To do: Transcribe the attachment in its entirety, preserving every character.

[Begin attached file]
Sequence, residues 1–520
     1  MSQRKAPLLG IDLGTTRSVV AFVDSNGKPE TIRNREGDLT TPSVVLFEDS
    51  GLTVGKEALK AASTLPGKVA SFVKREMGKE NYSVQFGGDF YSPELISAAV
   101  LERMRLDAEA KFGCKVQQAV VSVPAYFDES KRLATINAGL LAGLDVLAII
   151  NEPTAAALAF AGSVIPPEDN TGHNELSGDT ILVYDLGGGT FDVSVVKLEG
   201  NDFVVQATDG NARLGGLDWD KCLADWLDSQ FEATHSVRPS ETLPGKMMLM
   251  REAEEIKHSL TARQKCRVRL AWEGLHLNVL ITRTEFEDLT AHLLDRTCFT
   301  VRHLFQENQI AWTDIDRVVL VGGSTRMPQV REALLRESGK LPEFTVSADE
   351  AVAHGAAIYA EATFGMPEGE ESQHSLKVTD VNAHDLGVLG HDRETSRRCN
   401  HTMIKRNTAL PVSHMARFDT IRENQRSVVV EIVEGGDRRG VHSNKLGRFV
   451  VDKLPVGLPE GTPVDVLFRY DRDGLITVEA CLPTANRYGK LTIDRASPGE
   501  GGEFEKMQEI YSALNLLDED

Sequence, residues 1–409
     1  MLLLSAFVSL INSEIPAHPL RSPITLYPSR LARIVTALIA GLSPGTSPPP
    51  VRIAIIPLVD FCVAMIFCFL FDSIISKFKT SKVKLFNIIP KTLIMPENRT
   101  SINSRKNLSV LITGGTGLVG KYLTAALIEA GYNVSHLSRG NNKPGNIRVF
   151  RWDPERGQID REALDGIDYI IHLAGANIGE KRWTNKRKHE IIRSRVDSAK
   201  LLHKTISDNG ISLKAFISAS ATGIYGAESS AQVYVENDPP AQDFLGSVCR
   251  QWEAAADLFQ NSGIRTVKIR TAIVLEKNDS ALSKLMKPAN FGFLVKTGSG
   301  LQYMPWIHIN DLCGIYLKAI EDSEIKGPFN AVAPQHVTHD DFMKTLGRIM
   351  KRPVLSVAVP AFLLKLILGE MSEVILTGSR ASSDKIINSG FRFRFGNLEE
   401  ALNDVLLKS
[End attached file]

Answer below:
Sequence, residues 1–520
     1  MSQRKAPLLG IDLGTTRSVV AFVDSNGKPE TIRNREGDLT TPSVVLFEDS
    51  GLTVGKEALK AASTLPGKVA SFVKREMGKE NYSVQFGGDF YSPELISAAV
   101  LERMRLDAEA KFGCKVQQAV VSVPAYFDES KRLATINAGL LAGLDVLAII
   151  NEPTAAALAF AGSVIPPEDN TGHNELSGDT ILVYDLGGGT FDVSVVKLEG
   201  NDFVVQATDG NARLGGLDWD KCLADWLDSQ FEATHSVRPS ETLPGKMMLM
   251  REAEEIKHSL TARQKCRVRL AWEGLHLNVL ITRTEFEDLT AHLLDRTCFT
   301  VRHLFQENQI AWTDIDRVVL VGGSTRMPQV REALLRESGK LPEFTVSADE
   351  AVAHGAAIYA EATFGMPEGE ESQHSLKVTD VNAHDLGVLG HDRETSRRCN
   401  HTMIKRNTAL PVSHMARFDT IRENQRSVVV EIVEGGDRRG VHSNKLGRFV
   451  VDKLPVGLPE GTPVDVLFRY DRDGLITVEA CLPTANRYGK LTIDRASPGE
   501  GGEFEKMQEI YSALNLLDED

Sequence, residues 1–409
     1  MLLLSAFVSL INSEIPAHPL RSPITLYPSR LARIVTALIA GLSPGTSPPP
    51  VRIAIIPLVD FCVAMIFCFL FDSIISKFKT SKVKLFNIIP KTLIMPENRT
   101  SINSRKNLSV LITGGTGLVG KYLTAALIEA GYNVSHLSRG NNKPGNIRVF
   151  RWDPERGQID REALDGIDYI IHLAGANIGE KRWTNKRKHE IIRSRVDSAK
   201  LLHKTISDNG ISLKAFISAS ATGIYGAESS AQVYVENDPP AQDFLGSVCR
   251  QWEAAADLFQ NSGIRTVKIR TAIVLEKNDS ALSKLMKPAN FGFLVKTGSG
   301  LQYMPWIHIN DLCGIYLKAI EDSEIKGPFN AVAPQHVTHD DFMKTLGRIM
   351  KRPVLSVAVP AFLLKLILGE MSEVILTGSR ASSDKIINSG FRFRFGNLEE
   401  ALNDVLLKS